Screen Shot 2014-07-16 at 9.46.59 AMIt wasn’t until I joined Twitter a few years ago that I first read the words “black” and “atheist” in the same sentence. No wonder since we are the most religious ethnic group in the nation, according to writer and Black Skeptics Group founder Sikivu Hutchinson. Nonbelievers only make up one percent.

In a piece for The Washington Post, Hutchinson argues this is an issue not only because blacks face discrimination and other disparities but also because it is often the faith-based organizations that step in to assist. Black atheists receive no support, even from mainstream atheist groups.

She writes:

African Americans still live in disproportionately segregated neighborhoods, with few living-wage jobs, parks, accessible public transportation and healthy grocery stores. We make up 13 percent of the U.S. population, but nearly 40 percent of its prison and homeless populations. This disparity has only deepened in the Obama age.

Faith-based institutions provide resources to these poor and working-class families. They also fight racial discrimination, offer a foundation for community organizing and create access to social welfare, professional networks and educational resources. These are essential issues, and atheists of color often find themselves allied in these missions.

White atheists have a markedly different agenda. They are, on average, more affluent than the general population. Their children don’t attend overcrowded “dropout mills” where they are criminalized, subjected to “drill and kill” curricula and shunted off to prison, subminimum-wage jobs or chronic unemployment. White organizations go to battle over church/state separation and creationism in schools.

She continues that although mainstream atheist organizations have “jumped on the diversity bandwagon,” they still don’t address the specific issues that black atheists face, and when black atheists form their own groups, white atheists automatically think “separatist” group.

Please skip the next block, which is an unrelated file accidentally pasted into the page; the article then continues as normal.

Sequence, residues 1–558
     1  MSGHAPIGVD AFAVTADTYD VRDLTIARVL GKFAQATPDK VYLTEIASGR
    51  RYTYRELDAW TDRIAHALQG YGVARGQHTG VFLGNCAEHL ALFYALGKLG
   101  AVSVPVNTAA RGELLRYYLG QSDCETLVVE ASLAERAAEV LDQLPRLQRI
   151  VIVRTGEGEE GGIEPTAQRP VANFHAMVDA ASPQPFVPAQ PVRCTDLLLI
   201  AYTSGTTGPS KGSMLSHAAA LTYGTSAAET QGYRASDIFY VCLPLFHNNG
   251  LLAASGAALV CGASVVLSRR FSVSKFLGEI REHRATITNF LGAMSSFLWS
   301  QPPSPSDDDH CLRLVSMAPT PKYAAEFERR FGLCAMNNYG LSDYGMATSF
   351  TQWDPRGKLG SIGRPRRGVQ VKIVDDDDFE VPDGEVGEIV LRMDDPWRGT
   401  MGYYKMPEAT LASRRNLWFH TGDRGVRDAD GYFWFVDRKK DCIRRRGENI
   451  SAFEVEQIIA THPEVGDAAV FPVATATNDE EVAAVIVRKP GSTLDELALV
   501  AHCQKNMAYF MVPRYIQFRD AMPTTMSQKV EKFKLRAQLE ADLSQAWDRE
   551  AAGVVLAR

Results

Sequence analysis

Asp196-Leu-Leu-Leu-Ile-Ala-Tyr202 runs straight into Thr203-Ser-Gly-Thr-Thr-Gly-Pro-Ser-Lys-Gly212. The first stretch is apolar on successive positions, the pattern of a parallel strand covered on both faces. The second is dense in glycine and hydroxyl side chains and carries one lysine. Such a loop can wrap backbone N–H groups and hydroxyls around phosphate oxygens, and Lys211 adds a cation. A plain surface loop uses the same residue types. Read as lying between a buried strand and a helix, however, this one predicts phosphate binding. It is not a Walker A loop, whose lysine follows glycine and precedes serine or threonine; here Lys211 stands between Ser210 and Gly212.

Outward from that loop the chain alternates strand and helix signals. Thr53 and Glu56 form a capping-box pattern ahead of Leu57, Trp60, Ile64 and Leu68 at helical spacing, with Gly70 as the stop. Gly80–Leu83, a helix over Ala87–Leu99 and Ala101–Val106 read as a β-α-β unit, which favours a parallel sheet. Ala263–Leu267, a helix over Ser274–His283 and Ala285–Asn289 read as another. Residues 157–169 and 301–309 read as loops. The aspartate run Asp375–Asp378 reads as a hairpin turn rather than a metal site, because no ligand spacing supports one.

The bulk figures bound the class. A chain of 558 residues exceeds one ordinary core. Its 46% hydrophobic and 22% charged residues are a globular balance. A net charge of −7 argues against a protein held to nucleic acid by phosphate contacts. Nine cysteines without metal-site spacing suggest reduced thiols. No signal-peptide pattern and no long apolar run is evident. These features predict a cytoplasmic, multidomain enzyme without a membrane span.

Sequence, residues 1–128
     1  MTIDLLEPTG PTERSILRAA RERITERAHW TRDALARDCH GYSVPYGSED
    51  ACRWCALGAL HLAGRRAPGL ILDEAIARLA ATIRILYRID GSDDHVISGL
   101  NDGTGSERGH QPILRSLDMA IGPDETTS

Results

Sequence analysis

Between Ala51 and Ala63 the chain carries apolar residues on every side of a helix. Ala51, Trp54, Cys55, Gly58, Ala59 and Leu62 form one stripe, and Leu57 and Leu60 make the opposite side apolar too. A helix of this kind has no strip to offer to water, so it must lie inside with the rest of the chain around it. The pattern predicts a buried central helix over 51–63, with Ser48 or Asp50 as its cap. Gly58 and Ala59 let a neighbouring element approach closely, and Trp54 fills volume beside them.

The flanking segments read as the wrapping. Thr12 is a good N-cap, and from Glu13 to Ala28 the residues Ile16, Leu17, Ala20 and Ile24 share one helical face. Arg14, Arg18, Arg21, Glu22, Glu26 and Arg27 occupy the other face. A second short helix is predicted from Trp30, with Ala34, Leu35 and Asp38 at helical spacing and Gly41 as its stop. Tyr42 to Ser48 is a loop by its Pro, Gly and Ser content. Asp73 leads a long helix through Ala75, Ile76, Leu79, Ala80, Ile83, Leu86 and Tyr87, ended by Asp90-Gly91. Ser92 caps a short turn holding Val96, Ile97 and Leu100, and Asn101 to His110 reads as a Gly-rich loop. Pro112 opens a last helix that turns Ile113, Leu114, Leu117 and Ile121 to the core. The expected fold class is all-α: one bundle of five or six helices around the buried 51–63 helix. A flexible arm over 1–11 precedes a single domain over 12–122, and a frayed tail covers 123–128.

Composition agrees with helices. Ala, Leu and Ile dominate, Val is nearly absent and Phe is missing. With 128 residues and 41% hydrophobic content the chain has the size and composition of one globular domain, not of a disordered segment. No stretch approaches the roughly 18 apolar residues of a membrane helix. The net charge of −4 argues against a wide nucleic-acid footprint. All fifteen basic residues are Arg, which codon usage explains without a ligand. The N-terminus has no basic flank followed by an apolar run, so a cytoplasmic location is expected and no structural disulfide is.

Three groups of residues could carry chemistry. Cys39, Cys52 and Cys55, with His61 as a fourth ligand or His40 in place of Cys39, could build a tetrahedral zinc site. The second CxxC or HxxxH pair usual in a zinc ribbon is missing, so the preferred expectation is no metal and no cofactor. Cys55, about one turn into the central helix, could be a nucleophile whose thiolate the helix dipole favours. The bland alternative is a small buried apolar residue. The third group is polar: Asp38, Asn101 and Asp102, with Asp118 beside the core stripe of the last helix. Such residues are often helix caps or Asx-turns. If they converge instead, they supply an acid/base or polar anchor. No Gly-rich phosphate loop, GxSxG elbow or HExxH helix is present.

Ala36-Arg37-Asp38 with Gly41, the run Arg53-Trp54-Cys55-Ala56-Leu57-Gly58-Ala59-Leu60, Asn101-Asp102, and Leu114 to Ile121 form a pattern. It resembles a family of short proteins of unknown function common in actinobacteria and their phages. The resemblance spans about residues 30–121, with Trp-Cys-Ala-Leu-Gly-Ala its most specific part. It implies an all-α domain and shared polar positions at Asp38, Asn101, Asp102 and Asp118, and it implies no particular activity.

Read all of Huthchinson’s piece on The Washington Post.

Clutchettes and Gents, do you agree that faith-based groups offer the most assistance in black communities, and black atheists have no resources?

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  • Cumberbatchfan

    I’m not even understanding what’s going on here. I’m a devout atheist. But I know that white atheists are notoriously racist to the point of whte supremacy. What exactly are we expecting them to do? What’s happening? Lmfao

    • Primmest Plum

      Lol @ “devout atheist”
      But same here. In my experience most white atheists call themselves liberal but are really some of the most racist people I’ve ever come across. They’re the main ones who become so flustered at the mentioning of white privilege and institutionalized racism.
      But yet they think they’re so above it all because they don’t have any “ridiculous fallacies” like religion to cloud their judgment.

  • cnj

    I think people are missing the point. She is saying black atheist are few and far between and when they have an issues they can’t turn to the normal places black people go to for help (i.e. church). At the same time they can’t go to non black atheist groups either because of obvious race issues. So what they are experiencing is isolation which is a legitimate thing to discuss. I’m not sure why black atheist have to get used to isolation. I’m also not sure why people believe she’s hoping for white atheist to save black atheist rather she was pointing out issues around inclusion in mainstream atheism.

  • cnj

    It is sad that you wouldn’t think black people practice various faiths or choose to not believe.

  • MissFLondon

    I was once invited to a regular Atheist group meeting (a bit of a contradiction in terms) and politely explained that one of the unforeseen delights of being godless is that I no longer have to congregate. This was over 15 years ago and I have come to realise that that need for people and the company, has nothing to do with religion. It can be cultural. Typically, wasps are not as dependent upon family and networks, so lose very little in the switch. The same cannot be said for those of ethnicity, who I have noticed seem to still miss the fraternity and all the rest, not to mention extreme cases of shunning and other penalties (Last week a Nigerian was committed to an asylum by his family- and still it could have been worse). This issue is not that dissimilar from the issues faced by Black feminists. People just need to accept that we all have different issues and consequences and it’s OK for us all to pursue our own separate agendas. I really don’t understand why Blacks are always seeking validation and understanding from others. This ugly stepchild act is getting tiring, it’s not as though Atheists are competing for resources or recognition, as in the case of other minority groups. You would think that people who have broken away from one main group and risked the wrath of their family and community would be a bit more prepared to be misunderstood and stand alone???